April 1951 – 9th Nov. 1952’, are details of rejection after rejection, mostly to do with poems;; but the entry dated ‘5/11/51’ leaps off the page: concerning her story then titled ‘The Seraph, the Zambesi, and the Fanfarlo’, she wrote ‘Got it’. This story, chosen from among nearly seven thousand entries in a contest sponsored by the Observer newspaper, won first prize (£250, a considerable sum then, especially for a young writer strapped for funds) and signaled the real beginning of Spark’s literary career.
Other notebooks in the run (1947-1970) detail and document elements of Spark’s personal life – dress fittings, parties, the purchase of a recording of Lucia di Lammermoor with Joan Sutherland and some Elizabeth Arden ‘Vivid Rouge’ lipstick, exercises in Italian. Household expenses are recorded precisely;; entries made during her Roman residence are typical: ‘cigarettes, 400 lira’;; ‘2 scandal sheets, 250 lira’;; ‘6 eggs – 200 lira’;; ‘church candle – 500 lira’;; ‘baby food for cats – 1020 lira’;; ‘tip to porter for catching Spider [one of her cats]– 1000 lira.’ The household accounts were kept by a secretary;; but the books show that Spark herself checked, revised, and recalculated where necessary before signing off.
A richer mine to explore is the literary correspondence. Scattered throughout are letters from correspondents as diverse as Ronald Firbank, Blanche Knopf, Alec Guinness, Graham Greene, Evelyn Waugh, Harold Acton, Harold Macmillan, and Alan Jay Lerner. Firbank’s lengthy handwritten epistle is classic Firbank written after he had recommended the manuscript of Spark’s poetry collection, The Fanfarlo and Other Verse, to the firm that would publish it in 1952 (The Hand and Flower Press). Firbank knew Spark and Derek Stanford, the man in her life in the late forties and fifties, and he writes to propose that they all live together (‘we would live like a nest of singing birds’), but is much more interested – typically – in anecdotes about himself, here his recent turn on stage: ‘I wish you could have seen me in Lear. I have got the most beautiful legs, and I had them in sheer nylon tights of a hyacinth shade, with an enormous cod-piece of mirror sequins, all designed and lovingly executed by myself. I had such a time keeping my seams straight . . .’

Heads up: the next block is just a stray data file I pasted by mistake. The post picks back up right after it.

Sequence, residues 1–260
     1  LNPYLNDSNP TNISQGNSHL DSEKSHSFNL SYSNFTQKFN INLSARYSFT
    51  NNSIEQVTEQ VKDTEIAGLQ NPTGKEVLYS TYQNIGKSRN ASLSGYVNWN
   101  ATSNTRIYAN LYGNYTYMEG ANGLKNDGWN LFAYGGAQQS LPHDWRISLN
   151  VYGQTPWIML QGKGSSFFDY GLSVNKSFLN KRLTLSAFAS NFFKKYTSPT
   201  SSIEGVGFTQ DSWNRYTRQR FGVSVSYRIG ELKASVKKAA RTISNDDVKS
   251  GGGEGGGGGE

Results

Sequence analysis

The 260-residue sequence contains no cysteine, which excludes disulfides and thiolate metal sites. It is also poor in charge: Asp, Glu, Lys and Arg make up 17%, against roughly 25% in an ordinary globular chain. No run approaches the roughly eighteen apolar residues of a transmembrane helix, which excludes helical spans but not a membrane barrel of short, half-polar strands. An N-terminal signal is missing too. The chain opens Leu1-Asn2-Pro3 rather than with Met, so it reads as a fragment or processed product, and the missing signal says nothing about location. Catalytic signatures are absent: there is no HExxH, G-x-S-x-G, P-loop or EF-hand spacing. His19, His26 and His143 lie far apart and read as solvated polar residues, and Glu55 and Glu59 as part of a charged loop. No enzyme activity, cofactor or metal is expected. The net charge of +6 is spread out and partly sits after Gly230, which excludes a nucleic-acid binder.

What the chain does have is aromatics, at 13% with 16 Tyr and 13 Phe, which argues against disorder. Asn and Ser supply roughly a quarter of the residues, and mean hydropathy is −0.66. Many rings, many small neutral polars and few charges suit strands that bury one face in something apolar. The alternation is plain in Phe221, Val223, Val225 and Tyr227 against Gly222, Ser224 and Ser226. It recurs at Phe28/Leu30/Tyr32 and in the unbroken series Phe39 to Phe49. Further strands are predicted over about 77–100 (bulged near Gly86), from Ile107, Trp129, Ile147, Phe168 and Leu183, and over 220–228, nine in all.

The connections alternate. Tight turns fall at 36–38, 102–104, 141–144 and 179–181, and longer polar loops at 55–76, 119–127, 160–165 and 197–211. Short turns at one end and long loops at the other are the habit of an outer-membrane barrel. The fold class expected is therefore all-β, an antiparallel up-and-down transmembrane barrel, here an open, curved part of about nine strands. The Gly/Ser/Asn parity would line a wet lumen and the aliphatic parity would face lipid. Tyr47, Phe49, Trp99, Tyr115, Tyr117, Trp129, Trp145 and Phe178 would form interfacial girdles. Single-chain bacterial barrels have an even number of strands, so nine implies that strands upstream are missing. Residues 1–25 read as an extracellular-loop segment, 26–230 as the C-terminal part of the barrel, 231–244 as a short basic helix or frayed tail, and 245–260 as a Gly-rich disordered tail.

The letters between Graham Greene and Spark seem rather more like obligatory notes than personal exchanges. Certainly, Spark never forgot Greene’s great kindness to her in the beginning – she never failed to send him a copy of each novel as it appeared. His responses, however, seem cold and perfunctory: concerning Not to Disturb (1971), he wrote: ‘You have reached the point where all the little people become jealous’;; about The Abbess of Crewe (1974): ‘Don’t make your books any shorter, please, or you’ll disappear like Beckett.’ Yet curiously one of his notes elicited a revealing, fuller response from Spark: ‘I’ve just [written] an ‘I’ book – In some ways I found it cramping. One has to be present all the time and can’t describe what goes on in one’s absence except by hearsay or supposition or sleuthwork, all indirect. But I had to do an ‘I’ because it’s a fictional autobiography and treats of other autobiographies.’ The novel that she refers to is probably Loitering with Intent, which would be published in 1981. And in an earlier note to Greene (28 December 1977), Spark had written, ‘ . . . am trying to shift my style of writing to the extent I’m re- writing a book from the start. I was nearly through a first version when I realized it’s awful.’ Her responses show an unusual frankness about her own working methods.
The correspondence with Spark’s other great early champion, Evelyn Waugh, is scant and though brief, does have a certain personality and charm: about Jean Brodie he wrote, ‘All the book delightful. The letter pp. 95-96 genius.’ Waugh never ceased to champion Spark’s work and she remained appreciative.
Of a different tone and temper are letters and notes from Blanche Knopf, éminence grise of the publishing house founded by her husband, Alfred, and herself;; a relationship of depth and personality emerges. Blind, crippled, and wafer-thin, Blanche Knopf established a roster of impressive writers at Knopf (Freud, Sartre, Gide, Camus, Mann) and she succeeded in adding Spark to the list in January 1963 (Storm Jameson had encouraged her to do so). The two women met for lunch, and traded confidences as well as gifts. Spark once sent Knopf an eighteenth-century silver pill box for her dog and Knopf wrote a thank-you in the dog’s voice. It seems clear that they were genuinely close. Particularly poignant is a brief note from Knopf in her last days (May-June 1966):